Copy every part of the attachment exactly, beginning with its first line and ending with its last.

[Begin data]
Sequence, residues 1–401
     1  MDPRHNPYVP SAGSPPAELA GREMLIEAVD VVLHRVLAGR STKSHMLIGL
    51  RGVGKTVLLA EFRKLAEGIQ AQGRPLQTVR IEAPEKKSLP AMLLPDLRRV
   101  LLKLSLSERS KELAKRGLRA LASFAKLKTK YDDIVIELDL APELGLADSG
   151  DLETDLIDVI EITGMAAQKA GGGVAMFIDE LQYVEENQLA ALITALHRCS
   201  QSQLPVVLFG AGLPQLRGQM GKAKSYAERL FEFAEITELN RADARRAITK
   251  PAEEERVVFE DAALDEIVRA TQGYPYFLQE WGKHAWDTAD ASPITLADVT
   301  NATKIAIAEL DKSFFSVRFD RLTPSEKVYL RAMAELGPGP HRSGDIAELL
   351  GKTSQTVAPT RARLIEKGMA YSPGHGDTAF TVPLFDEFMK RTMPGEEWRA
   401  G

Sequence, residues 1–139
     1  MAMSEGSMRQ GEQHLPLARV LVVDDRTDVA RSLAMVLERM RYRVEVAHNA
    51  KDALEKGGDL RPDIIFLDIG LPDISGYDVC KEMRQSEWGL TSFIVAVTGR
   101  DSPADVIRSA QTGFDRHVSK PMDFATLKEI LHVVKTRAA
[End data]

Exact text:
Sequence, residues 1–401
     1  MDPRHNPYVP SAGSPPAELA GREMLIEAVD VVLHRVLAGR STKSHMLIGL
    51  RGVGKTVLLA EFRKLAEGIQ AQGRPLQTVR IEAPEKKSLP AMLLPDLRRV
   101  LLKLSLSERS KELAKRGLRA LASFAKLKTK YDDIVIELDL APELGLADSG
   151  DLETDLIDVI EITGMAAQKA GGGVAMFIDE LQYVEENQLA ALITALHRCS
   201  QSQLPVVLFG AGLPQLRGQM GKAKSYAERL FEFAEITELN RADARRAITK
   251  PAEEERVVFE DAALDEIVRA TQGYPYFLQE WGKHAWDTAD ASPITLADVT
   301  NATKIAIAEL DKSFFSVRFD RLTPSEKVYL RAMAELGPGP HRSGDIAELL
   351  GKTSQTVAPT RARLIEKGMA YSPGHGDTAF TVPLFDEFMK RTMPGEEWRA
   401  G

Sequence, residues 1–139
     1  MAMSEGSMRQ GEQHLPLARV LVVDDRTDVA RSLAMVLERM RYRVEVAHNA
    51  KDALEKGGDL RPDIIFLDIG LPDISGYDVC KEMRQSEWGL TSFIVAVTGR
   101  DSPADVIRSA QTGFDRHVSK PMDFATLKEI LHVVKTRAA